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BSU today

1. General
Enacting the Safety-at-Sea-Investigation-Act (SUG) in June 2002, the international statutory provisions about a governmental marine casualty investigation was transposed into German law. At the same time, the Federal Bureau of Maritime Casualty Investigation (BSU) was established as the national authority responsible for marine casualty investigation in Germany. In 2011, the SUG was extensively revised in order to integrate the regulations newly added at the European level and separate the marine casualty investigation from the similar aviation accident investigation.

The BSU is a higher federal authority subordinated to the Federal Ministry for Digital and Transport based in Hamburg in the office building of the Federal Maritime and Hydrographic Agency. The BSU is headed by a director and staffed by 13 people, seven of which are acting as investigators. The annual budget amounts to a total of just over 1 Mio Euros. All expenses, i.e. human resources, business trips as well as material expenses are covered by that amount.

The objective of an investigation is an extensive representation and analysis of the accident occurrence with the purpose of preventing future accidents. All direct and immediate causes, contributing factors as well as the overall circumstances, including possible rescue measures, should be considered. According to the said law, the BSU is thereby guided by a so called “No Blame Approach” (approach without apportioning blame). Therefore the investigation does not serve the purpose of determining blame, liability or other claims.

The BSU is responsible for investigating marine casualties involving seagoing vessels of all flags within German territorial waters, marine casualties occurring during traffic operations on German navigable waterways and from, to and in ports connected to them, and in certain cases also within the German exclusive economic zone (EEZ). Outside these areas, the BSU investigates marine casualties on or involving seagoing vessels flying the German flag, or when the Federal Republic of Germany has a justified interest in investigating a marine casualty abroad. Since 2011, the SUG distinguishes four categories of marine casualties – incidents, less serious marine casualty, serious marine casualty and very serious marine casualty. As far as the latter are concerned, the BSU is obliged to conduct an investigation.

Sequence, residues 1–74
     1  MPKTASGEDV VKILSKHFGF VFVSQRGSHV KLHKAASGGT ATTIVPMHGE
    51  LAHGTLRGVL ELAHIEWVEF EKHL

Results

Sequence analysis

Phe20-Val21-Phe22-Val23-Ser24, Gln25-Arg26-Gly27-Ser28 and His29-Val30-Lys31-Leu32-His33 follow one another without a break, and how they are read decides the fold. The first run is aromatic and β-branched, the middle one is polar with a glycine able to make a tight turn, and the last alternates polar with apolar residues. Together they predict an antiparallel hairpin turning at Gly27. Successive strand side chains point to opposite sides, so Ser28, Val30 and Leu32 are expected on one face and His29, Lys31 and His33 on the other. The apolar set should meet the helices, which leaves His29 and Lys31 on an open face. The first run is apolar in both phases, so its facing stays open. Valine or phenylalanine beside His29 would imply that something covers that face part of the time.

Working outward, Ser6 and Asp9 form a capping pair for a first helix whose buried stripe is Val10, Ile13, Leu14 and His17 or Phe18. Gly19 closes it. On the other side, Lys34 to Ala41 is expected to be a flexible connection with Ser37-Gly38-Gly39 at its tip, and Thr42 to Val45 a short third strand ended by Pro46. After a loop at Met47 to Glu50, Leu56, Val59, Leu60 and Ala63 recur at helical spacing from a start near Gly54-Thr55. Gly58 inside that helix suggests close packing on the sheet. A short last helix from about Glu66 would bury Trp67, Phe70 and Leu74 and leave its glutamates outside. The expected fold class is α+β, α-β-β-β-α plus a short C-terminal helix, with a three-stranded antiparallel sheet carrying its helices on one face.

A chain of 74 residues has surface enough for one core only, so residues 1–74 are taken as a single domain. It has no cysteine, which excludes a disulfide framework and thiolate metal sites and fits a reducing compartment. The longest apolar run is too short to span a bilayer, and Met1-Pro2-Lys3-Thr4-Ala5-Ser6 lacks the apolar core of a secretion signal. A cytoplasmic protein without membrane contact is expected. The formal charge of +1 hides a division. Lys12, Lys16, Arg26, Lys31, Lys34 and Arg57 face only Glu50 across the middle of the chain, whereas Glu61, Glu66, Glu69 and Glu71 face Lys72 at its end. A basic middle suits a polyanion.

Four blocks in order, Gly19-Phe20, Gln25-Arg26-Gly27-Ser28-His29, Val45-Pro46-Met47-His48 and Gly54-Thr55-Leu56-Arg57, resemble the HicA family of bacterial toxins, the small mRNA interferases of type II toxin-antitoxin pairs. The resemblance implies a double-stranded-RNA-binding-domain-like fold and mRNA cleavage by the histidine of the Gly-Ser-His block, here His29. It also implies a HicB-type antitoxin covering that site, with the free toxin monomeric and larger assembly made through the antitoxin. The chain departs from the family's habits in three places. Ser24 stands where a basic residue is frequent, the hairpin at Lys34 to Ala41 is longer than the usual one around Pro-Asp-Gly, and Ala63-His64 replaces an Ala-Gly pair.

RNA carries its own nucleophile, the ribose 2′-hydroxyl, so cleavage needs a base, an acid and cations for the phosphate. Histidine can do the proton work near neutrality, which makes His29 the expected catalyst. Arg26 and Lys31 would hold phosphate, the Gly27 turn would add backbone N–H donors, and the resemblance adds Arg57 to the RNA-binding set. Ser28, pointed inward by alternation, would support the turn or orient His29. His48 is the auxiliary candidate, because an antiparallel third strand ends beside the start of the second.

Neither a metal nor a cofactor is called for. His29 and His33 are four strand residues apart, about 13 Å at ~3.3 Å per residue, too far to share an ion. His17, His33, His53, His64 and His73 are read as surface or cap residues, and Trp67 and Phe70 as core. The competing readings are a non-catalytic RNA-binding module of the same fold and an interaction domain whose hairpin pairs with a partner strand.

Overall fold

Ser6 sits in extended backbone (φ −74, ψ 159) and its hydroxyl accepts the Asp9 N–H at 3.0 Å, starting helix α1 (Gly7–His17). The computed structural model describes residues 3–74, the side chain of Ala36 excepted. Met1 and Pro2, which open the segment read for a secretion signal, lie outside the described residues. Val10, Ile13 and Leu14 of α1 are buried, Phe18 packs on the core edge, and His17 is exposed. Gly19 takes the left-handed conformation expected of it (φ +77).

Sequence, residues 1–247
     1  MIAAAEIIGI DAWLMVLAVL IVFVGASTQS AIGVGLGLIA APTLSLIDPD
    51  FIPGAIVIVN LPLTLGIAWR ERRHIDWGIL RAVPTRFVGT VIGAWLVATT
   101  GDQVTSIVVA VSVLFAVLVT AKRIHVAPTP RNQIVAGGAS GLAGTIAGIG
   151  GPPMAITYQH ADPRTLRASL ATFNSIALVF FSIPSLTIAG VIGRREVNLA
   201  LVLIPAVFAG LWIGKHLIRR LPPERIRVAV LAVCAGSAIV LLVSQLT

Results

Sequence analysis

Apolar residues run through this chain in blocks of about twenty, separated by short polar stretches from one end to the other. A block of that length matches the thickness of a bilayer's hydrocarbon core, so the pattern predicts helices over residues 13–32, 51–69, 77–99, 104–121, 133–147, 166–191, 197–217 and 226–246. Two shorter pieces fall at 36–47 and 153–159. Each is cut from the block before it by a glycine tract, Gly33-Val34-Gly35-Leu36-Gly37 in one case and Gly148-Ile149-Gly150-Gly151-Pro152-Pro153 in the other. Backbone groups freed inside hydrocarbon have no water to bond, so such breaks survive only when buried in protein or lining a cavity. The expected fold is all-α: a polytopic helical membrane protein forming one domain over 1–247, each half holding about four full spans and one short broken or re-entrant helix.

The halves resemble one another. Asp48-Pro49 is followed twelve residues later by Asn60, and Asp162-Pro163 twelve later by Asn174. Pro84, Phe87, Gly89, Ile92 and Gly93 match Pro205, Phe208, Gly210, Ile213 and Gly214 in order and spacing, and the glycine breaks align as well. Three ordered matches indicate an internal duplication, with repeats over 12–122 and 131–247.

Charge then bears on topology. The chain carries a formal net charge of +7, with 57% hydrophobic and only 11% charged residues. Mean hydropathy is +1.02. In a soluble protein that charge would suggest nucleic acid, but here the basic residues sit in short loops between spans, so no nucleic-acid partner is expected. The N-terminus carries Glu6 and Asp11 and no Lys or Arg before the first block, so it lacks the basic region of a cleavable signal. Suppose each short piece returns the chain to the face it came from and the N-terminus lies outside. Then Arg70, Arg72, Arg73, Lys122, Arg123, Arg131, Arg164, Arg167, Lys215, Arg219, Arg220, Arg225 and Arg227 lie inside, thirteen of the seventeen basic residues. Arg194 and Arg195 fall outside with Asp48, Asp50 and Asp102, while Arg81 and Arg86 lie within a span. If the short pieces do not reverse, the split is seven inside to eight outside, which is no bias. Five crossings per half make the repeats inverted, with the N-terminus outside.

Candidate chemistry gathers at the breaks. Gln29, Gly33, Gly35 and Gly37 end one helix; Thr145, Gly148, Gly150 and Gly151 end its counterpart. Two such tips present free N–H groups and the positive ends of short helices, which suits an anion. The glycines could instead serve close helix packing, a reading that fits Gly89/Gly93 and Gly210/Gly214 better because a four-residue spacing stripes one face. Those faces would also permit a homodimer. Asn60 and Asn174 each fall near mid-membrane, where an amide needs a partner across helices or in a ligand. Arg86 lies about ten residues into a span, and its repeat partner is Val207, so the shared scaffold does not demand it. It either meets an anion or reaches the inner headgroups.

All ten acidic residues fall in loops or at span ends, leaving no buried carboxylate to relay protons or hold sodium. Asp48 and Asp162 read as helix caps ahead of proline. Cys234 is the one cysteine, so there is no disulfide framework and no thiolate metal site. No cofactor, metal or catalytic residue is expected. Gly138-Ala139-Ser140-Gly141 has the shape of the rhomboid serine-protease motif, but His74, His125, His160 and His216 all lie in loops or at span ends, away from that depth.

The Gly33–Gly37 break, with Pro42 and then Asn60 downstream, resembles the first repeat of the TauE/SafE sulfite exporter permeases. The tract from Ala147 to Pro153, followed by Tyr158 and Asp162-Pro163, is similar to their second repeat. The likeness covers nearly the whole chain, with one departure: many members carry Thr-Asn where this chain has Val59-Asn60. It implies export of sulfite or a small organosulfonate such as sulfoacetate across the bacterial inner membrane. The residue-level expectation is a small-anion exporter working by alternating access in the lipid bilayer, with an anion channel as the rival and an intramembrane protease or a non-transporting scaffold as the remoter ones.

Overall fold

2. Investigation
After receipt of an accident notification, the director of the BSU and in case of his absence, the deputy director, makes the decision as to whether an investigation is being conducted and generally assigns a team of two investigators the task of further investigating the accident. In making this decision and in clarifying further questions of the investigation, the BSU is not subject to instructions whatsoever. The BSU exercises extensive rights for the purpose of clarifying the accident occurrence, inter alia, with respect to the access to the scene of the accident, securing of evidence and analysis, interviewing of witnesses and calling in experts. These rights are not limited to the parties directly involved in the accident occurrence (the ship and her crew and pilots), but may also be claimed against third parties (such as vessels operators, yards or classification societies) or public authorities (i.e. Waterways and Shipping Administration or Ship Safety Division).